Hoping to treat more fully hereafter of the profits to be derived by means of this railroad connection in stock, in trade, in political, and above all, in moral force, we will conclude the present article with a quotation from a letter written last winter in Charleston, S. C, by a Missourian of close observation and liberal mind, who had been traveling along the Tennessee river and the Chattanooga Riilroad. lie says:
"The trade of all that country from Paducah to Tuscumbia is now possessed by Louisville, and amounts to several millions annually. We ought to have it, and I am satisfied that if St. Louis would make the right sort of effort, she might, in a few years obtain it. They want groceries, iron in all shapes, manufactures of wood, but still more flour and bacon, the very articles we can furnish cheaper than Louisville; and they will pay for them in cotton."
THE MIDLAND ROAD.
We are informed that the engineer, who had charge of the survey of this route, made his report to the Board of Directors, at a meeting at Helena on the 29th ult. The report is highly favorable to the practicability of the route. The Board located the road by Clarendon, and contracts for grading have already or will be let out in a short time. Ground will be broken at Helena on the 4th of July, where the people of the State are invited to attend and participate in the ceremonies.
From the French of Madame De Stael.
Those who cultivate taste are prouder of it, than those who cultivate genius. Taste is in literature, as the bun ton in society; it is considered as a proof of fortune, of birth, or at least of the customs which pertain to both; while genius may spring forth from the brain of an artisan who nerer had any relations with fine company. In every land where vanity may be found, taste will be stationed in the first rank, because it separates classes, and is a sign of rallying among all the individuals of the first. In every land where the power of ridicule is employed, taste will be accounted as one of the first advantages, for it serves above all things in aiding one to distinguish that which it is necessary to avoid. The feeling of propriety is a part of taste, and it is an excellent weapon to ward off the blows aimed by self-conceited persons; in fine, the time may come when an entire nation will place itseif in the aristocracy of good taste, by relation with others, and by culture become the only fine company of Europe; and this probable position may be realized by France, where the spirit of society rules so supremely, that it has some excuse for this pretension.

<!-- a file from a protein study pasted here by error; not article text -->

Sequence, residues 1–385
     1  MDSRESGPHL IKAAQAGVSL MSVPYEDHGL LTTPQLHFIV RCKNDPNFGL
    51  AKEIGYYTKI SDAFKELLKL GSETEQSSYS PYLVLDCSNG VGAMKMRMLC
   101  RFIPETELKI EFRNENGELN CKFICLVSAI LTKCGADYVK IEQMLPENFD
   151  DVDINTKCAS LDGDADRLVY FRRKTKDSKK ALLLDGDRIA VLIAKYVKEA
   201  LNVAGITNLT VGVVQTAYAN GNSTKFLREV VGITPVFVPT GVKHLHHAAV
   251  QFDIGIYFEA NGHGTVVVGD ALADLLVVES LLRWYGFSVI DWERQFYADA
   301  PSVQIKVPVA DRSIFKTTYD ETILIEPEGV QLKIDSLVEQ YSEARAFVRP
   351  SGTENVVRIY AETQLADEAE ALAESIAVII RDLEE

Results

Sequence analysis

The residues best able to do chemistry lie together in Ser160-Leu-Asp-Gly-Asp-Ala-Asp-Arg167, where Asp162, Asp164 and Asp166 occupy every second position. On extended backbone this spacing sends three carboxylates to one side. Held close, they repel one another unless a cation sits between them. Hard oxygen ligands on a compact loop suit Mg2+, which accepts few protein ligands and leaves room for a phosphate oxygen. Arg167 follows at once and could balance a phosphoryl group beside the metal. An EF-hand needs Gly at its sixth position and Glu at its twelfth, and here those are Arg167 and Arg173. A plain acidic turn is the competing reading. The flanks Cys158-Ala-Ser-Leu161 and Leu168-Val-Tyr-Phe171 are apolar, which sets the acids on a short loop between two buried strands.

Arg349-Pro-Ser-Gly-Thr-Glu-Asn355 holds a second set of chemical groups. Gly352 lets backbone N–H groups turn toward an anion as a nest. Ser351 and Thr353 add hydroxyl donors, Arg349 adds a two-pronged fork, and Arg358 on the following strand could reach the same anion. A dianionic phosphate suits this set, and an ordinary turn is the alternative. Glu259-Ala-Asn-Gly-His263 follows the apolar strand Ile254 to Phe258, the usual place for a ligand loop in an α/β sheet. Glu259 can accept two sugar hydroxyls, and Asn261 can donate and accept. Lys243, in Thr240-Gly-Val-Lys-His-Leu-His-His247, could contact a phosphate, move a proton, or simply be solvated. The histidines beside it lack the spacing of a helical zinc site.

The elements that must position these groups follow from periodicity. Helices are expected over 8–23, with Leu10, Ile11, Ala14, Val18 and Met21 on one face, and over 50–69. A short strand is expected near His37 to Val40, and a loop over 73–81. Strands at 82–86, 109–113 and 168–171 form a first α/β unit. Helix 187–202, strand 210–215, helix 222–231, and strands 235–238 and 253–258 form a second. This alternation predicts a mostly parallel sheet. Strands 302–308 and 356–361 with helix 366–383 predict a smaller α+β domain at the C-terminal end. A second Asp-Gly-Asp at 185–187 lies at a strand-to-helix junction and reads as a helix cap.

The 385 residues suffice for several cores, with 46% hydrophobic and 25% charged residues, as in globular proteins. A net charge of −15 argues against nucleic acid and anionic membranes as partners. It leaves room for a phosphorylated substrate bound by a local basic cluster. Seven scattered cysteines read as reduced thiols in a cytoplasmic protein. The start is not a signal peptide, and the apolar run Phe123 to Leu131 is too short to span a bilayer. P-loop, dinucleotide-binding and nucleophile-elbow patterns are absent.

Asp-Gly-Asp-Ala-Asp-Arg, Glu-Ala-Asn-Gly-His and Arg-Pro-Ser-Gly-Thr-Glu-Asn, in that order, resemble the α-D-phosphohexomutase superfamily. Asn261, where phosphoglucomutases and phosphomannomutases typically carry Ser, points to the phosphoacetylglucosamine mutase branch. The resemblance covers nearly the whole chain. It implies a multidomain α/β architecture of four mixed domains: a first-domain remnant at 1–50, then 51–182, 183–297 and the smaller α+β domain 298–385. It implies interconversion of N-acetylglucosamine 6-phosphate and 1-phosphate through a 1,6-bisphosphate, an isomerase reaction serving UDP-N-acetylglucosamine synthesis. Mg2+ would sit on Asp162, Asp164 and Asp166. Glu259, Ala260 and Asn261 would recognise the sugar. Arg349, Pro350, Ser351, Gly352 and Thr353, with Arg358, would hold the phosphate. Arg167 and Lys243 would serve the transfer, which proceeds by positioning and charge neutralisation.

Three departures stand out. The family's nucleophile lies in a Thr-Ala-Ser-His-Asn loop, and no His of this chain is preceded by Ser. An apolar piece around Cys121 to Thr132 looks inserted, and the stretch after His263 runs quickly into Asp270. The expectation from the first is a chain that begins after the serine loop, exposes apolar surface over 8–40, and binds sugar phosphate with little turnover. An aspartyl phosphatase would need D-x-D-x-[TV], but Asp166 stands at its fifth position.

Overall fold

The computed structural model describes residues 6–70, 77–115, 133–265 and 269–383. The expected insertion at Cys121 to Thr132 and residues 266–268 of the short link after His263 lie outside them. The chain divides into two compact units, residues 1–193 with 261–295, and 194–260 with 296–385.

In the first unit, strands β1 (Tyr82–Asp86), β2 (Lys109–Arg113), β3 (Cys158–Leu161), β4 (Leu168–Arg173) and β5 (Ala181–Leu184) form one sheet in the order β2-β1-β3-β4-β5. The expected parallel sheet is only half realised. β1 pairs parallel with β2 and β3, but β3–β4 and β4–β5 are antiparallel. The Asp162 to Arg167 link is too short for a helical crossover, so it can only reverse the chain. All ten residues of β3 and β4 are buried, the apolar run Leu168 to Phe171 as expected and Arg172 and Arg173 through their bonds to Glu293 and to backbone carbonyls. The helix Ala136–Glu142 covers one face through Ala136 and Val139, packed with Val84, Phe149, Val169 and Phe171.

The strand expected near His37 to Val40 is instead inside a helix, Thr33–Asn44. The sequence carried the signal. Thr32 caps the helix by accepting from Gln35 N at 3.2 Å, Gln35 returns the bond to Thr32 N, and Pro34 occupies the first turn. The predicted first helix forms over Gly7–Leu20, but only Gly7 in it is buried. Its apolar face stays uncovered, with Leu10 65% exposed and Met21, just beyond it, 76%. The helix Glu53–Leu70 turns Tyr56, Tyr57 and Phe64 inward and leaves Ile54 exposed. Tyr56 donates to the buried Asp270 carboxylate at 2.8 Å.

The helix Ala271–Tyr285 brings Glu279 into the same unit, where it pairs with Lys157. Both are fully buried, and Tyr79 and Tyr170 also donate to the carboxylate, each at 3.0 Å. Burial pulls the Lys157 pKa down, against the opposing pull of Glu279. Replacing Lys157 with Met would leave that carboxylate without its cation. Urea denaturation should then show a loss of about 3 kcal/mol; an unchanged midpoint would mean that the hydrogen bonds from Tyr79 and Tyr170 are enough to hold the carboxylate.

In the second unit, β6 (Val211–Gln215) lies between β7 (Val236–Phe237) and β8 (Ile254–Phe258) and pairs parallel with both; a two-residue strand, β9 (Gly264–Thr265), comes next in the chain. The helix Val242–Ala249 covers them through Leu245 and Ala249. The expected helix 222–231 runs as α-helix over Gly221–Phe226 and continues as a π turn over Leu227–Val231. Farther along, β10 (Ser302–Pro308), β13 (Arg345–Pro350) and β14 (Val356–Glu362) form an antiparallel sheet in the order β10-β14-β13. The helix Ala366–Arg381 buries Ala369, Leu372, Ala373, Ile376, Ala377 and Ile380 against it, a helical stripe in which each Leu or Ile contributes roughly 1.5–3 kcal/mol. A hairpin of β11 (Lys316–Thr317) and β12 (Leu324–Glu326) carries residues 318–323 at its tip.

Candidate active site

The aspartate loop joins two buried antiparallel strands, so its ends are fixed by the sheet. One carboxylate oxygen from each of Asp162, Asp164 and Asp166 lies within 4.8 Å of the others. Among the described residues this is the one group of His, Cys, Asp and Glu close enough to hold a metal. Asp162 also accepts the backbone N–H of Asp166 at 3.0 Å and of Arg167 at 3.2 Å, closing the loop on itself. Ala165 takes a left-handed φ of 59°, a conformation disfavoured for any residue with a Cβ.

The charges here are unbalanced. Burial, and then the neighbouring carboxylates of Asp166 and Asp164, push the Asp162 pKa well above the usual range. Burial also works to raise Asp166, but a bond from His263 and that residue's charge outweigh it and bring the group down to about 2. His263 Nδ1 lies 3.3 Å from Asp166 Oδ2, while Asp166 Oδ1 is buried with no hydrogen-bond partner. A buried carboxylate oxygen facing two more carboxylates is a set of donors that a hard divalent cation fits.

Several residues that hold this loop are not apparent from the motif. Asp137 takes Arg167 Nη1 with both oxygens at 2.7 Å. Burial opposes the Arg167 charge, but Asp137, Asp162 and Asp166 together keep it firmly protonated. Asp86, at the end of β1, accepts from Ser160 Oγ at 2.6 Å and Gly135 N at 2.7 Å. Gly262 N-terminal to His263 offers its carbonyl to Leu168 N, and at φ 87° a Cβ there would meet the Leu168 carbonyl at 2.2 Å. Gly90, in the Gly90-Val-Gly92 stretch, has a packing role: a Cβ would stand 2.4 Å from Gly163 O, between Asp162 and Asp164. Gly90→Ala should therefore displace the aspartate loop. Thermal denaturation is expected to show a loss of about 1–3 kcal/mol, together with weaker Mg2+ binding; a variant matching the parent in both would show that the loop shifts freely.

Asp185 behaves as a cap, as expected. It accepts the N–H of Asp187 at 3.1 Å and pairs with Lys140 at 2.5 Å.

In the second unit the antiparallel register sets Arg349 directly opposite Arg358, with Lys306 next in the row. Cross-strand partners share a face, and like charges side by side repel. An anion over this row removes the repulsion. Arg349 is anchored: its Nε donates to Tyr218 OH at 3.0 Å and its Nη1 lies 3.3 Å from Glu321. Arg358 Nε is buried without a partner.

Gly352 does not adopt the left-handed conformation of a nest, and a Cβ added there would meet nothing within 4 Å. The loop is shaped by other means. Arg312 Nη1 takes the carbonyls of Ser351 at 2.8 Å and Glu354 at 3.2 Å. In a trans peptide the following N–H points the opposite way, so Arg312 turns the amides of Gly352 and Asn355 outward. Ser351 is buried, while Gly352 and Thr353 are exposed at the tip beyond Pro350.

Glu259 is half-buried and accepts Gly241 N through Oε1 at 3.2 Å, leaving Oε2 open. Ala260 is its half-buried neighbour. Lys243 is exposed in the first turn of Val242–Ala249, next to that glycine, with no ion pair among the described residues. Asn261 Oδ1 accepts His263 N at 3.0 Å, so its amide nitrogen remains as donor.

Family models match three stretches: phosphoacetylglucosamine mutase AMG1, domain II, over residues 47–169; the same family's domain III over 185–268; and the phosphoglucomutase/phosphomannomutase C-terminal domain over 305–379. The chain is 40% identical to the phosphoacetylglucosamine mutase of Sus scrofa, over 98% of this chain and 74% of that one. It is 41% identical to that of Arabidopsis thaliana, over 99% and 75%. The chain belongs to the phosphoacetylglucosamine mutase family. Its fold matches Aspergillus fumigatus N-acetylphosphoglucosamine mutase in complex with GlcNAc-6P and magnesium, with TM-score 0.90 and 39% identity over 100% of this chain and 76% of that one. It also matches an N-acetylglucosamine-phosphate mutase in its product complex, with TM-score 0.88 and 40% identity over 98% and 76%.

But taste, in its application to Fine Arts, is peculiarly different from taste in its application to social proprieties: while it forces men to bestow upon us a consideration transient as our life, that which one does not, is at least as necessary as that which he does; for the great world is so easily hostile, that it is necessary to make extraordinary concessions to gain the advantage of being free from annoyance: but taste in poesie belongs to nature, and ought to be creator like it; the principles o this taste are therefore altogether different from those which depend upon the relations of society.
The confusion of these two styles is the cause of such opposing judgments in literature; the French judge the Fine Arts as proprieties, and the Germans the propriecies as the Fine Arts: in the relations with society it is necessary to defend one's self, in the relations with poesie it is necessary to abandon one's self. If one considers every thing as a man of the world, he will not feel nature; if one considers every thing as an artist, he will want the tact which society alone can give. If it is necessary to transfer